https://youtu.be/Bqel0lVdfM4 pre·sume/prəˈz(y)o͞om/Pelajari pengucapannya verb 

  1. 1.suppose that something is the case on the basis of probability.”I presumed that the man had been escorted from the building” Sinonim:assume  suppose  dare say imagine  take it  expect  believe  think  surmise  guess  judge  trust  conjecture  speculate  postulate  posit  hypothesize  deduce  divine  infer  conclude  presuppose  take for granted  take as read
  2. 2.be audacious enough to do something.”kindly don’t presume to issue me orders in my own house” Sinonim:venture  dare  have the temerity have the audacity
  1.  
  1.  

https://youtu.be/V99pVQavt3E in·stance/ˈinstəns/Pelajari pengucapannya noun 

  1. an example or single occurrence of something.”a serious instance of corruption” Sinonim:example  occasion  occurrence  case  representative case typical case case in point  illustration  specimen  sample  exemplar  exemplification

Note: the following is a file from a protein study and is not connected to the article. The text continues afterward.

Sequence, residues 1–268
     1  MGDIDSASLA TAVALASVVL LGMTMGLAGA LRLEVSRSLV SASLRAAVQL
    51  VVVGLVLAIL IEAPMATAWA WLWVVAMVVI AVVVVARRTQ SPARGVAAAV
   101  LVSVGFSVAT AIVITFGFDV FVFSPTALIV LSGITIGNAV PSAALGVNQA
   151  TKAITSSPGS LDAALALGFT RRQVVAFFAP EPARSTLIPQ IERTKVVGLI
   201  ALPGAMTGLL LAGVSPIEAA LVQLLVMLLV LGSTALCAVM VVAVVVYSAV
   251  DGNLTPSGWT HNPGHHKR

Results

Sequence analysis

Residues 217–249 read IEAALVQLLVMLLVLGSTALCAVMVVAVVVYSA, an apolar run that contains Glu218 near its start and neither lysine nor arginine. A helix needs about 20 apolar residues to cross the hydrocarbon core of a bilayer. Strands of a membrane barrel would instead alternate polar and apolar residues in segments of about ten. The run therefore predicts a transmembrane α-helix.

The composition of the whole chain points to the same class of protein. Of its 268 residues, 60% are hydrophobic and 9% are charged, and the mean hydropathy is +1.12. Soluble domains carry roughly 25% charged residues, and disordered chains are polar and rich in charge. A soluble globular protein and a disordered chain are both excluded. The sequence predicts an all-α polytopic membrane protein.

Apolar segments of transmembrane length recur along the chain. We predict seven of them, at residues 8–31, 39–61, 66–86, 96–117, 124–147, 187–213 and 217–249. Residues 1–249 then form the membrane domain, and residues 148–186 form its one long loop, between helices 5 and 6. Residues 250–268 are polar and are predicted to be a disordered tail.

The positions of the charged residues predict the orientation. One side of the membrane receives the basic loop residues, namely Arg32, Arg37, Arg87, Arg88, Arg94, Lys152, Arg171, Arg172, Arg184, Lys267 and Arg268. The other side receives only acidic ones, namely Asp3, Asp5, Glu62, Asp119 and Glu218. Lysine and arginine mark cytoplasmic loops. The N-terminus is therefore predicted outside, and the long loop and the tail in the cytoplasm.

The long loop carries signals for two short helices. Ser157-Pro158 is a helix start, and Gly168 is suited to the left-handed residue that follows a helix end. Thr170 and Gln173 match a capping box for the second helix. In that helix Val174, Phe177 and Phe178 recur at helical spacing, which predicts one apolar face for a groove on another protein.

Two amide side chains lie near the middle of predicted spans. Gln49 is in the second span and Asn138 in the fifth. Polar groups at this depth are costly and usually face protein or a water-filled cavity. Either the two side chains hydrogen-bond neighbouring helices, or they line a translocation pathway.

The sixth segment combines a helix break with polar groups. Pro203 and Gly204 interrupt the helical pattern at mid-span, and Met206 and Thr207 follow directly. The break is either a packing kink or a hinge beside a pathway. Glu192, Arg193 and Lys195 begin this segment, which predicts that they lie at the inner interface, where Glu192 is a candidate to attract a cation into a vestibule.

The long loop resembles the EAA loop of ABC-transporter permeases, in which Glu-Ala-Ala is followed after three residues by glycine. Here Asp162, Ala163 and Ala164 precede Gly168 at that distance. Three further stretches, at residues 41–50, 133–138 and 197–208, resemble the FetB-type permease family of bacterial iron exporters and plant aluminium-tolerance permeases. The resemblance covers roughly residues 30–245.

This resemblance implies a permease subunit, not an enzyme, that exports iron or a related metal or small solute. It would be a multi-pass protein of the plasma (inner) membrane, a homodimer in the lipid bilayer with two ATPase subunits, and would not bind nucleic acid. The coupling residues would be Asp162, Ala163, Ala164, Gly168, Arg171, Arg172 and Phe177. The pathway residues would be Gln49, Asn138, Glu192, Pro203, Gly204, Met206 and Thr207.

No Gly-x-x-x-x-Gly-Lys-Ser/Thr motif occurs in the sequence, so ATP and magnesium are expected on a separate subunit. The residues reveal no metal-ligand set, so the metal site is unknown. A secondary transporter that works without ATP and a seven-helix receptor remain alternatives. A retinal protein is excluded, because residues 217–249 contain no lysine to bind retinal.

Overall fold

verb 

  1. cite (a fact, case, etc.) as an example.”here he instances in particular the work of Bach” Sinonim:cite  quote  refer to make reference to mention   

https://youtu.be/w7HDPNPu5f8

Listening Practice 1 – Inference on “Richie Rich”

Direction: Listen to a part of Discussion between a teacher and students in a business class.

 https://www.youtube.com/watch?v=-ZlL0LLfjKY&app=desktop

[spoiler title=”Clik Here: The Discussion Script”]
The teacher: Let’s move on to case study number 12. Your company is in dire straits. Sales are down 50 percent due to stiff price competition. Dividends are falling. Stockholders are demanding you step down as chairman of the board. Now, here’s your problem. How do you rally the board of directors to your side and stave off impending bankruptcy?